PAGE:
Dry needling (DN), also known as myofascial trigger point dry needling, is a SCAM similar to acupuncture. It involves the use of solid filiform needles or hollow-core hypodermic needles and is usually employed for treating muscle pain. Instead of sticking them into acupuncture points, like with acupuncture, they are inserted into myofascial trigger points usually identified by palpation. There are some theories how DN might work, but whether it is clinically effective remains unclear.

This single-blind RCT determined, if the addition of upper quarter DN to a rehabilitation protocol is more effective in improving ROM, pain, and functional outcome scores when compared to a rehabilitation protocol alone after shoulder stabilization surgery. Thirty-nine post-operative shoulder patients were randomly allocated into two groups: (1) standard of care rehabilitation (control group) (2) standard of care rehabilitation plus dry needling (experimental group). Patient’s pain, ROM, and functional outcome scores were assessed at baseline (4 weeks post-operative), and at 8 weeks, 12 weeks, and 6 months post-operative.

Of 39 enrolled patients, 20 were allocated to the control group and 19 to the experimental group. At six-month follow up, there was a statistically significant improvement in shoulder flexion ROM in the control group. Aside from this, there were no significant differences in outcomes between the two treatment groups. Both groups showed improvement over time. No adverse events were reported.

The authors concluded that dry needling of the shoulder girdle in addition to standard of care rehabilitation after shoulder stabilization surgery did not significantly improve shoulder ROM, pain, or functional outcome scores when compared with standard of care rehabilitation alone. Both group’s improvement was largely equal over time. The significant difference in flexion at the six-month follow up may be explained by additional time spent receiving passive range of motion (PROM) in the control group. These results provide preliminary evidence that dry needling in a post-surgical population is safe and without significant risk of iatrogenic infection or other adverse events.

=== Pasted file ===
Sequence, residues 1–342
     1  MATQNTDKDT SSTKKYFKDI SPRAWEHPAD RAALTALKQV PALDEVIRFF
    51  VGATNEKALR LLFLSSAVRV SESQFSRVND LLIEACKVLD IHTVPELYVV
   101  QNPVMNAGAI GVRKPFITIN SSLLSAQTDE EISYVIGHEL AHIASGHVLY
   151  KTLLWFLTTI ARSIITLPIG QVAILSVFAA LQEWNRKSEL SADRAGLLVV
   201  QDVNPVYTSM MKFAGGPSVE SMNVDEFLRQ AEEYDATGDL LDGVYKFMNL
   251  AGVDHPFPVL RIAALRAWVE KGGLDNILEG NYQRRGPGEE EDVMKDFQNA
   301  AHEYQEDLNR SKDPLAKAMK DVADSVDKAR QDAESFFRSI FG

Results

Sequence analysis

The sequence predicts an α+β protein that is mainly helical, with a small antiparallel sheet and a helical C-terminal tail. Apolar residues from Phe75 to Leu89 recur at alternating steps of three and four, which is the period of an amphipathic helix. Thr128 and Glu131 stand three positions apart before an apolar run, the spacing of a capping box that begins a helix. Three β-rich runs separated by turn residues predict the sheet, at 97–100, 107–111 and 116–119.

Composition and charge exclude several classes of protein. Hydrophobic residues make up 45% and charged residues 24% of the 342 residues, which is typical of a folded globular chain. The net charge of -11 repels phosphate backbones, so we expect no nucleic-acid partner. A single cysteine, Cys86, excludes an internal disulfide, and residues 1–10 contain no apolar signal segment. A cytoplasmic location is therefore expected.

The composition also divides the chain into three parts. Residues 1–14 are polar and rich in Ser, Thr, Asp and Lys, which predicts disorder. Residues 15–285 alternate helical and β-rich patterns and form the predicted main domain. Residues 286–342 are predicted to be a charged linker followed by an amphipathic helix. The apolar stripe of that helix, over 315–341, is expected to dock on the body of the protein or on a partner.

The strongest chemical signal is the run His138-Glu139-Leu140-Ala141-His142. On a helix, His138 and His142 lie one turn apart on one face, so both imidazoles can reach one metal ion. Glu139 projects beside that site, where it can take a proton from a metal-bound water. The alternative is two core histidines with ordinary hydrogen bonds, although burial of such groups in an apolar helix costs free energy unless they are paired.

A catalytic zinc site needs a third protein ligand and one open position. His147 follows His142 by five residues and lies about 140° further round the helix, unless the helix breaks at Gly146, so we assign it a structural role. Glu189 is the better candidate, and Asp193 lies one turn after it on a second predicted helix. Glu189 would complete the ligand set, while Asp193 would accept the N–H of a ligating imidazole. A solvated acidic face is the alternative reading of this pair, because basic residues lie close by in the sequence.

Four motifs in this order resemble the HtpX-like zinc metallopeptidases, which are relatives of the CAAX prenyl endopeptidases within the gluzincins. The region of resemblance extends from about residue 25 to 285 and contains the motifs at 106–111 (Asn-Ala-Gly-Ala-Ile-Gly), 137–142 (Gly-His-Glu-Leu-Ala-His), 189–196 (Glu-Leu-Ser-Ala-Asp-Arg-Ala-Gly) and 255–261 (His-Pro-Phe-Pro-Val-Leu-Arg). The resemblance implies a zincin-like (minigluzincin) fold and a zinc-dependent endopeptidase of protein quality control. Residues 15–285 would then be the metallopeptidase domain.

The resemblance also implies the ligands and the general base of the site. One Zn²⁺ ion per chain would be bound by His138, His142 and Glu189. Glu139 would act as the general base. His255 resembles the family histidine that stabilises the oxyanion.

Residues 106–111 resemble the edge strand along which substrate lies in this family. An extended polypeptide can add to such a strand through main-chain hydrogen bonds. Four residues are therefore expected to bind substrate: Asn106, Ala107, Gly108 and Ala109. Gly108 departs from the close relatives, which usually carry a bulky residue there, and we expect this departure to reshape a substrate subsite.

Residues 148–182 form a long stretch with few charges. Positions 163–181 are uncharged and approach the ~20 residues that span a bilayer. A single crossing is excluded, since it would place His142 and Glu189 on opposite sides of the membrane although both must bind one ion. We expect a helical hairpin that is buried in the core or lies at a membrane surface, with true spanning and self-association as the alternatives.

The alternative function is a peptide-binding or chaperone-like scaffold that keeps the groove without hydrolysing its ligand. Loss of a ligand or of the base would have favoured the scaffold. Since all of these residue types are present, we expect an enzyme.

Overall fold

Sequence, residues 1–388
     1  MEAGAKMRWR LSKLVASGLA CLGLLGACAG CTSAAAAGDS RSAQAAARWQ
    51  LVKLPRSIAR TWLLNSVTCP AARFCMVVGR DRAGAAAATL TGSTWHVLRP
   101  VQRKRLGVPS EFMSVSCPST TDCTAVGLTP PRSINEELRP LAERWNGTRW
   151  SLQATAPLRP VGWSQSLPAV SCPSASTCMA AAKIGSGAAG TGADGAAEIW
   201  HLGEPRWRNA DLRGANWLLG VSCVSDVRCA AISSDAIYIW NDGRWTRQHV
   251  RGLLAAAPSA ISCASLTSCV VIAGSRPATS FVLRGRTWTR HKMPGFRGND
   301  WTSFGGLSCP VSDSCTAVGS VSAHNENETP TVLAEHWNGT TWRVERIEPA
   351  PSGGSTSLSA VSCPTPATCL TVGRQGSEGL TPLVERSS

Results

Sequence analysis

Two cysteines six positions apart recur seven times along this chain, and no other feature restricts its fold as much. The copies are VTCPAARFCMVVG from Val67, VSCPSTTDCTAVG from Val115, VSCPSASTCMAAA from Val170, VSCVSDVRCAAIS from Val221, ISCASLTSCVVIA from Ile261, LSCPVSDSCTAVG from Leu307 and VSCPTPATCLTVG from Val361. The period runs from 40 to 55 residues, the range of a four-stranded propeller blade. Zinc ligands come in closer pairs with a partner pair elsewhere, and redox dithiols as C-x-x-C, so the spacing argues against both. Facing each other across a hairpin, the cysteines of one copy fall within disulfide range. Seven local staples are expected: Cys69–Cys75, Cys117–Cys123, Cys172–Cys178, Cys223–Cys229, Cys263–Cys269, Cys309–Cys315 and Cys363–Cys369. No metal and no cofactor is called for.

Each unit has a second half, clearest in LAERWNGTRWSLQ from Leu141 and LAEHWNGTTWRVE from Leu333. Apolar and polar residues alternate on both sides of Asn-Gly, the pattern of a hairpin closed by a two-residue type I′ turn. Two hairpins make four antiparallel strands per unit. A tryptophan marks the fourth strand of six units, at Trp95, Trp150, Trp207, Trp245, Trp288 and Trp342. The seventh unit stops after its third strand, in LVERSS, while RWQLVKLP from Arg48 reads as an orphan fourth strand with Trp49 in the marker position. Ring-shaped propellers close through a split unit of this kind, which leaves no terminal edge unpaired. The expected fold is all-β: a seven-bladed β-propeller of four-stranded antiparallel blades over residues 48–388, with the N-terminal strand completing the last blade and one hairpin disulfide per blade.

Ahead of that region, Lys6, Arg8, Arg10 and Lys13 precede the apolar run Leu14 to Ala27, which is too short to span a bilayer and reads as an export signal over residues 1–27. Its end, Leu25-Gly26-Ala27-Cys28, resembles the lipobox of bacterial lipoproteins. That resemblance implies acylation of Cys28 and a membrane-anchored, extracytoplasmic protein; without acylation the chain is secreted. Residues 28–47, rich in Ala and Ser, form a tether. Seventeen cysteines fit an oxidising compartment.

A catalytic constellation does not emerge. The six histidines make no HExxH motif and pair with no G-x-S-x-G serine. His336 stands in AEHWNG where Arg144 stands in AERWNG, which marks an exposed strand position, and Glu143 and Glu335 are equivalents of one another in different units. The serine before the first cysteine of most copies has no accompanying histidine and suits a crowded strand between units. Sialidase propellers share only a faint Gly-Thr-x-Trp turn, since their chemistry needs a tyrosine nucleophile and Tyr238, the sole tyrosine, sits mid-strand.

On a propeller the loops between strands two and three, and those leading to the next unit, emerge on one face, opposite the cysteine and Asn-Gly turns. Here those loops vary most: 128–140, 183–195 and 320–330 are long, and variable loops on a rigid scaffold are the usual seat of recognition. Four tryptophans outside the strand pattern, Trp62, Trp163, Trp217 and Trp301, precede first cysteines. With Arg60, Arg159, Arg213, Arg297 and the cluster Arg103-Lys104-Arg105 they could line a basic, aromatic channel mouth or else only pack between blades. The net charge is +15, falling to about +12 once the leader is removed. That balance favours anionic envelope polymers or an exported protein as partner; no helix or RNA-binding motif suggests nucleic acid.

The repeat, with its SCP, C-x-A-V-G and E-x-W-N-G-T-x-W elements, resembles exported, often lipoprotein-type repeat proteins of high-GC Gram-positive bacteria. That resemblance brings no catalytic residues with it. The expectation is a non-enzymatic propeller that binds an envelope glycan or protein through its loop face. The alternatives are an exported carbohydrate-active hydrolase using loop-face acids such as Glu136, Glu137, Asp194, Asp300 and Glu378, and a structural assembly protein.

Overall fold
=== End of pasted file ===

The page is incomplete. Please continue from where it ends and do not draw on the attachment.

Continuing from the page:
How odd!

This trial followed the infamous A+B versus B design. As [A+B] is more than [B] alone, one would have expected that the experimental group has a better outcome than the control group.

But this was not the case!


Theoretically it can mean one of two things:

  1. DN did not even convey a placebo effect.
  2. DN had a negative effect on the outcome.

4 Responses to Dry needling is useless for rehabilitation after shoulder surgery

  • In the conclusion within the main body of the paper they state “These results do not support the addition of DN into the standard post-operative treatment regime in individuals who have recently undergone shoulder stabilization surgery.” This is very important but for some reason they didn’t include it in the conclusion within the abstract. They instead replaced it with “These results provide preliminary evidence that dry needling in a post-surgical population is safe and without significant risk of iatrogenic infection or other adverse events.” which is pretty irrelevant if the treatment doesn’t work.

  • I’m 11 post op from the second rotator cuff surgery. I fell 3 weeks after the first one and retore it. Repaired it at the 2 month mark. I am showing Significant improvement dry needling. I was told I have frozen shoulder by 3 drs and was even told to have surgery to get rid of it at the 8 week mark. I was the one to push for it and not get a Cortizone shot but did do an oral steroid. I saw my surgeon this week and said I’m doing fine! So happy with my therapist!

  • Kate

    I survived frozen shoulder, without any intervention. When my MD informed me that the pain would likely resolve in time, I took it on faith, but I was tempted to seek out other remedies. I waited, and eventually the pain, tightness and discomfort was gone… little by little.
    I never found out why it became a problem, as is many times the case for those that suffer from adhesive capsulitis. Signs and symptoms typically begin gradually, worsen over time and then resolve, usually within one to three years.

    It’s great that you’re doing better now.

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